Tag: Russia

Pony Party! WWFSMVF? Yo-ho! R’men! w/poll

Yes, indeed.  It’s the single most important issue of the campaign!  It’s the single most sought after endorsement of the year!  It’s the question of the ages: Who Would Flying Spaghetti Monster Vote For?

Follow his noodly appendage below the break!

An insight on US strategic thinking – why so much cowering fear?

Earlier last week, I wrote a diary (What the west means and what roles NATO plays therein) that used a recent Financial Times editorial as a springboard for a discussion on what the “West” was, and what the use of NATO was – questions that  left-of-center Europeans tend to see quite differently from most Americans, including left-of-center ones.

The editorial, by a well-respected British pundit, was insightful and interesting, and led me to conclude what many on the European Tribune have long suspected: that NATO is simply an instrument for Europe to support US strategic priorities, and that the “West” exists only when Europe (and in particular France) aligns itself unconditionally on US positions. The UK, as per that senior British commentator, has as its main role that of disrupting and dividing Europe when it is insufficiently respectful of US interests.

Since I’m French, you may be tempted to conclude that this is just sour grapes by a citizen of a supposedly declining country; however, what I found more interesting in that article was the dominant tone of fear – about the west being under siege, and needing security against various threats – in the form of coordinated military power and little else. It was a narrow, downcast, closed vision of the world, with little about values, progress or hope.

The comment thread is worth reading too, and one of the last comments, by Loefing, pointed me to another article on the same topic, this time by a graduate of the US Naval War College, Tony Corn. The article, (The Revolution in Transatlantic Affairs, has the same dominant tone of fear, but a much more detailed examination of the world. Given the credentials of its author, it is likely to have serious influence on the thinking of the strategists in the Pentagon, and it is thus worth deconstructing.

Sunday Night Theme Songs

In which some of the week’s top stories are given theme songs.

Democrats are impressed with General Petraeus’s shiny medals, before he proceeds, as expected, to catapult the propaganda about the war.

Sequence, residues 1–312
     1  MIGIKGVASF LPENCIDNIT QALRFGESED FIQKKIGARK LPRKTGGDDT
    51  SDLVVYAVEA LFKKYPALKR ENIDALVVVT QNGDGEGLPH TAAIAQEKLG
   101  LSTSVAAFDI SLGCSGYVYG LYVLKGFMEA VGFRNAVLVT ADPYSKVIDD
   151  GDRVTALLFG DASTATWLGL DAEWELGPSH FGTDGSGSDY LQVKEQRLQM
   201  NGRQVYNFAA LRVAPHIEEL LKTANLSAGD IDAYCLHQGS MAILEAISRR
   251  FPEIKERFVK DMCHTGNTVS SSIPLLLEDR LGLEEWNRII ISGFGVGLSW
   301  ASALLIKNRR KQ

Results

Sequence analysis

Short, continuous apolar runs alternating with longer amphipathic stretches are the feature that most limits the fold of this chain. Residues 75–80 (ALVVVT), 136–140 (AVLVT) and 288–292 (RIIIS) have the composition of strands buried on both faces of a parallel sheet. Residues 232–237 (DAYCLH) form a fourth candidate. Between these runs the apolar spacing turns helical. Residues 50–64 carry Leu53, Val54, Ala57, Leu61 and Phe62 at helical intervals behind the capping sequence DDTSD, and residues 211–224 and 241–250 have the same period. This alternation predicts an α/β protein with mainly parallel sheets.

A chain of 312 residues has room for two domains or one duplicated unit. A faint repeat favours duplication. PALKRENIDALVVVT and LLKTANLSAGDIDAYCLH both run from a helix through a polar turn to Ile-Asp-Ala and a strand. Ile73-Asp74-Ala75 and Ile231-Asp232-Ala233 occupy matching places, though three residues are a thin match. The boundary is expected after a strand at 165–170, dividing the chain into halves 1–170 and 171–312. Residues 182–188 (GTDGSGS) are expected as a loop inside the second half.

Washington Post:

Even Democrats who despise the war policy were deferential in the face of the general’s even-keeled demeanor and his shiny silver stars, four to a shoulder. “He’s one of the best,” said Democratic Rep. Ike Skelton of Missouri, who ran proceedings in the ornate hearing room and ordered a succession of protesters ejected when they shouted their anger at the war.

Bush speaks to the nation, to catapult the propaganda about the war.

Will he stay or will he go?

Just a quick one, but an important one.

First, the Guardian reported that:

President Vladimir Putin today dismissed Russia’s government ahead of parliamentary and presidential elections and appointed a little-known ally Viktor Zubkov as the country’s prime minister.

After months of speculation about a possible reshuffle, Mr Putin said he had accepted the resignation of the prime minister, Mikhail Fradkov, and his government during a meeting in the Kremlin.

The Kremlin later announced that Mr Zubkov had been nominated as the new head of Russia’s government – ahead of parliamentary elections on December 2 and a presidential poll in March 2008.

Then, the Associated Press:

The chairman of Russia’s upper house of parliament said Saturday that Vladimir Putin, barred from seeking a third consecutive term in elections next year, should run again for the presidency in 2012, Russian news agencies reported.

The comments by Sergei Mironov are likely add to furious speculation about Putin’s intentions.

Indeed.

Bush looked into his soul and saw the man he’d like to be.

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